If you are an archaeologist, you need a vehicle that will take you off the beaten path. After all, that’s where you spend a good deal of your time. And that means that you will need, ideally, an SUV or a truck. Four-wheel drive is likely to be a necessity.
With these requirements in mind, we have evaluated several used vehicles that we think would be appropriate for archeologists, and have identified five that we think are the best. They are the Toyota Sequoia, Land Rover Range Rover Evoque, Nissan XTerra Off-Road, Dodge Ram 1500, and Jeep Wrangler Rubicon.
Toyota Sequoia: This is a very serviceable vehicle, with body on frame construction and locking time slip differential, and it will get you where you need to go. Toyota’s reputation for serious off-road capability is well-earned, and very apparent in the Sequoia.
Land Rover Range Rover Evoque: In years past, Land Rover has morphed somewhat from its reputation as a serious off-road vehicle to more of a luxury SUV niche, but it has done so without sacrificing any of the “go anywhere” capability it’s known for. The Range Rover Evoque has no shortage of bells and whistles, but it is, at its essence, still a Land Rover.
Nissan XTerra Off-Road: This is an economically priced SUV, but don’t be fooled. It packs features that you might expect in a more expensive model, like a boxed ladder frame, two-speed transfer case and locking rear differential. This is a good, solid off-roader that will serve the archeologist well.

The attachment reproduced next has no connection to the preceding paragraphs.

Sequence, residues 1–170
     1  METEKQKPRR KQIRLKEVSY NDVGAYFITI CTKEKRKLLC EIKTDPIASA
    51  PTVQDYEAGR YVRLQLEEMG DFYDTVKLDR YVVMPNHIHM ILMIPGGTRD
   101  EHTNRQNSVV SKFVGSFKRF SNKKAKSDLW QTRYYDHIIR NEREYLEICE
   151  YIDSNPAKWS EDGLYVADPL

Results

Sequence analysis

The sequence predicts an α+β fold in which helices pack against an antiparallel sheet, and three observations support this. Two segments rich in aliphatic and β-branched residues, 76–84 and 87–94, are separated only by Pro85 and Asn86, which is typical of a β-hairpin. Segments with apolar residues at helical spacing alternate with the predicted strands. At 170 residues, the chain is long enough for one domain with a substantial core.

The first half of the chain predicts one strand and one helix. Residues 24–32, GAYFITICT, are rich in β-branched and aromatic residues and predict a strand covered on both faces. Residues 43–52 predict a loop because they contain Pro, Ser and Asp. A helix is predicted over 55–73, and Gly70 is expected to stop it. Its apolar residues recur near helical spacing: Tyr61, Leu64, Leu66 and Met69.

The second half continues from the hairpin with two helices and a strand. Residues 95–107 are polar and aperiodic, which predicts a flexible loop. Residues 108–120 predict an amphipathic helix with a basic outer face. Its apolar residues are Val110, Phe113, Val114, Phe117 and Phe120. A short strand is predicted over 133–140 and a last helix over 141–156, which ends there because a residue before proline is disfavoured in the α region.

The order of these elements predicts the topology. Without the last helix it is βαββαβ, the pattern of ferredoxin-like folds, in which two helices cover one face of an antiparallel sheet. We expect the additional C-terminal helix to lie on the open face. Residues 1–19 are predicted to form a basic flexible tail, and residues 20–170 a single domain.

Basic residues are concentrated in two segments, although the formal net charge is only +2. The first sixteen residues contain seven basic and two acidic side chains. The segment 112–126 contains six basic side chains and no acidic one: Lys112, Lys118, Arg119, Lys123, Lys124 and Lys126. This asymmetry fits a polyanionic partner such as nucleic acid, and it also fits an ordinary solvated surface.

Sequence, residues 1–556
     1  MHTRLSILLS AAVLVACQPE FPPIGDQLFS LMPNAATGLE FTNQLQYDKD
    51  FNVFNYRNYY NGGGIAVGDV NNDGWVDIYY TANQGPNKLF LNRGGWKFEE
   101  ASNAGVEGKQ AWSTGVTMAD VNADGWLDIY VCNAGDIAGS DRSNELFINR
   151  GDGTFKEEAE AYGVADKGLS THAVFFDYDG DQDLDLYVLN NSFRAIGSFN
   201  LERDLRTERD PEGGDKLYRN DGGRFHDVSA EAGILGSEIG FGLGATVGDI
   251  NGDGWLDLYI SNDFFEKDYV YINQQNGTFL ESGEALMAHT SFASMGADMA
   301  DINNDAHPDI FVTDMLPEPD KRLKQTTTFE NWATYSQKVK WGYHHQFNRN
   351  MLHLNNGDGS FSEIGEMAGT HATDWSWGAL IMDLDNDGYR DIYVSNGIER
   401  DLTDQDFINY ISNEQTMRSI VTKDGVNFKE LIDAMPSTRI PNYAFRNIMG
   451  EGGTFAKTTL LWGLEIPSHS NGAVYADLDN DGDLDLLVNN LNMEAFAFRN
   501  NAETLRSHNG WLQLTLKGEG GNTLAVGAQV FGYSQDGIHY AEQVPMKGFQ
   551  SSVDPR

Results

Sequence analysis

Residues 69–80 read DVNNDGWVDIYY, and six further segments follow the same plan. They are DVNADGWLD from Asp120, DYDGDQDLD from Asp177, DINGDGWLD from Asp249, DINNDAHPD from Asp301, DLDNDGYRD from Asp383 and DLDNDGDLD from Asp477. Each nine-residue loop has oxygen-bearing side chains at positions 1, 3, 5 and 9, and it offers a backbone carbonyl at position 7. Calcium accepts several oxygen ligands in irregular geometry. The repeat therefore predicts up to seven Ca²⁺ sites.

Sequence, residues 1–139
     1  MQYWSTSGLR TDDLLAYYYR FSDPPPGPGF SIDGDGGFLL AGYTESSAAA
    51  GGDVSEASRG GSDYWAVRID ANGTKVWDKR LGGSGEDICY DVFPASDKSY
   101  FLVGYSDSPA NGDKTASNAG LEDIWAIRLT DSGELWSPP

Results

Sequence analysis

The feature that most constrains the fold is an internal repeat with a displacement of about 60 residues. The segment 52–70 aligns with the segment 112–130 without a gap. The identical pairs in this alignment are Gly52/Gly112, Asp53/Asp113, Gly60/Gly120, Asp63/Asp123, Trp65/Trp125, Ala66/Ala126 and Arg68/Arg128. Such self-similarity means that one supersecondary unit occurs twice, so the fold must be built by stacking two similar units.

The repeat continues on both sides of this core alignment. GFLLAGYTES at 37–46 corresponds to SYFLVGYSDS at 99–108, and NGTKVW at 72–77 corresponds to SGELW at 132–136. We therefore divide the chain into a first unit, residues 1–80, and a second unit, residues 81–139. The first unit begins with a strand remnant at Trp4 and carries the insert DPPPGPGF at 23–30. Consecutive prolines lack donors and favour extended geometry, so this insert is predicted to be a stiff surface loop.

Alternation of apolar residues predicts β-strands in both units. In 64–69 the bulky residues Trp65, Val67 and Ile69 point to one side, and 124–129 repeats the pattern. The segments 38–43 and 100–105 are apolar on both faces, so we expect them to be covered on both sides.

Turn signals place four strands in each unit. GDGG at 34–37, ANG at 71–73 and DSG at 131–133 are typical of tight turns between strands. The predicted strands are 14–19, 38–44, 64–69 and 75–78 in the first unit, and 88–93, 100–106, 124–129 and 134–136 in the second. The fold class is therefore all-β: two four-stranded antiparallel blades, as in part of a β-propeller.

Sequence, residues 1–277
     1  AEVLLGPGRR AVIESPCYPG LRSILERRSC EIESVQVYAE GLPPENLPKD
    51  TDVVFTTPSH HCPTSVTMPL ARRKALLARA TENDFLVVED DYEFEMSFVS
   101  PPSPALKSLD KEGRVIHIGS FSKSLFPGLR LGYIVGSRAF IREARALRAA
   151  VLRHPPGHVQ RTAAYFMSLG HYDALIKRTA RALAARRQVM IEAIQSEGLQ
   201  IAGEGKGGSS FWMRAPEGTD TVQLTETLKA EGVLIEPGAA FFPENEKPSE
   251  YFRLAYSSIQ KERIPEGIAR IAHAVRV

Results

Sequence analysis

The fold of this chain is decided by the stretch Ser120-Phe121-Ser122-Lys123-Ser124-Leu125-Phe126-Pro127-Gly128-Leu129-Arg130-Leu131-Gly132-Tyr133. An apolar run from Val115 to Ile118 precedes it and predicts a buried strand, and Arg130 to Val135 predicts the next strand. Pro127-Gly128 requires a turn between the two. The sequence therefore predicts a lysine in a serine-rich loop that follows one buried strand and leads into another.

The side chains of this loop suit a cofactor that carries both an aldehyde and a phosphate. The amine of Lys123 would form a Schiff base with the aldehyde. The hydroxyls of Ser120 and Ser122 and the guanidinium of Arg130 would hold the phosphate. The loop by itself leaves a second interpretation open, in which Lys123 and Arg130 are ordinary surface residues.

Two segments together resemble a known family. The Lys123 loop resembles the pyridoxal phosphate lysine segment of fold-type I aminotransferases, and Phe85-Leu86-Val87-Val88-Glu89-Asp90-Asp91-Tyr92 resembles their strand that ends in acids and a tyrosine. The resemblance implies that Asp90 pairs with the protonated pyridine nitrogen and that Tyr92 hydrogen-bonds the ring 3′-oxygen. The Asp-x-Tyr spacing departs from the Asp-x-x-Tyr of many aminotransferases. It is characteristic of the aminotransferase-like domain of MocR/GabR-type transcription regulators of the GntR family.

Dodge Ram 1500: This is a good looking truck, with a powerful V8 engine. It features a shift-on-the-fly transfer case, and locking 4WD. It has a 5-ton towing capacity, so if you need to move a trailer onto the site, you’ll have no difficulty doing so. It’s also a surprisingly comfortable ride.
Jeep Wrangler Rubicon: You could think of the Rubicon as the mountain goat of off-road vehicles – it’s not built for speed, and it’s not the most beautiful SUV on the market, but it’s solid and reliable, and it can navigate even the roughest terrain. The Rubicon features skid plates, rock rails and a 73.1 crawl ratio.
This article originally appeared on YourMechanic.com as The Best Used Cars to Buy If You're an Archeologist and was authored by Valerie Johnston.